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PRESS DIGEST-Wall Street Journal - Sept 9
September 9, 2013 / 4:26 AM / 4 years ago

PRESS DIGEST-Wall Street Journal - Sept 9

Sept 9 (Reuters) - The following are the top stories in the Wall Street Journal. Reuters has not verified these stories and does not vouch for their accuracy.

* In a week poised to define his second term, President Barack Obama will mount an intensive campaign to promote a U.S. military strike on Syria as opposition rises in both Congress and across the country. ()

* Pressure from disappointed investors is forcing hedge funds to roll back their fees, putting the standard charge of 2 percent of assets under management and 20 percent of investment profits on the endangered list. ()

* The turnaround at real estate brokerage firm Realogy highlights how private equity firms can pull financial levers to keep troubled companies they own afloat and reap profits. ()

* A team of Ares Management and the Canada Pension Plan Investment Board are in the final stages of talks to buy the luxury retailer Neiman Marcus for around $6 billion. ()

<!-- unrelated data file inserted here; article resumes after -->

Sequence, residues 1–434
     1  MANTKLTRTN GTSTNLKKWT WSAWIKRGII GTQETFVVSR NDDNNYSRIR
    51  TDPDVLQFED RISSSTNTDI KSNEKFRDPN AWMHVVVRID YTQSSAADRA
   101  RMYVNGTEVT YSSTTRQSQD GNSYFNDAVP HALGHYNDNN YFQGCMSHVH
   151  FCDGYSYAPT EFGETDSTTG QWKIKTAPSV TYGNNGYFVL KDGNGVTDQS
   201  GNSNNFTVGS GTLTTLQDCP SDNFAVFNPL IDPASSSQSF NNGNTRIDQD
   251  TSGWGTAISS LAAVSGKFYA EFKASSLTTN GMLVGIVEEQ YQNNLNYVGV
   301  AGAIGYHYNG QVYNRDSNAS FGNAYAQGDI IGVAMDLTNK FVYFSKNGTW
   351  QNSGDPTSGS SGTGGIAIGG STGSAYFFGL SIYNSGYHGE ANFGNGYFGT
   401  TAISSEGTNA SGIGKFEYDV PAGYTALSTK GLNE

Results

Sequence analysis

* At Facebook’s Instagram unit, Emily White is the point person charged with turning a billion-dollar acquisition that has never made a cent into a real business. Ad sales, she said, are expected to begin in the next year. ()

* Japan’s economy grew at a much faster pace in the second quarter than initially estimated, data showed Monday, giving more ammunition to supporters of a planned sales tax hike. ()

* McLaren intends to open its first Chinese dealership, in Shanghai, on Monday. The UK-based supercar maker is seeking to cash in on a growing Chinese taste for ultraluxury goods. ()

* International Business Machines plans to move about 110,000 retirees off its company sponsored health plan and instead give them a payment to buy coverage on a health insurance exchange. ()

* A key U.S. committee approved the $4.7 billion takeover of Smithfield Foods by Shuanghui, clearing the biggest purchase of a U.S. company ever by a Chinese firm. ()

* Johnson & Johnson, which has been shedding slow-growing products and units, is canvassing companies that might be interested in buying its blood testing division, which could be worth around $5 billion. ()

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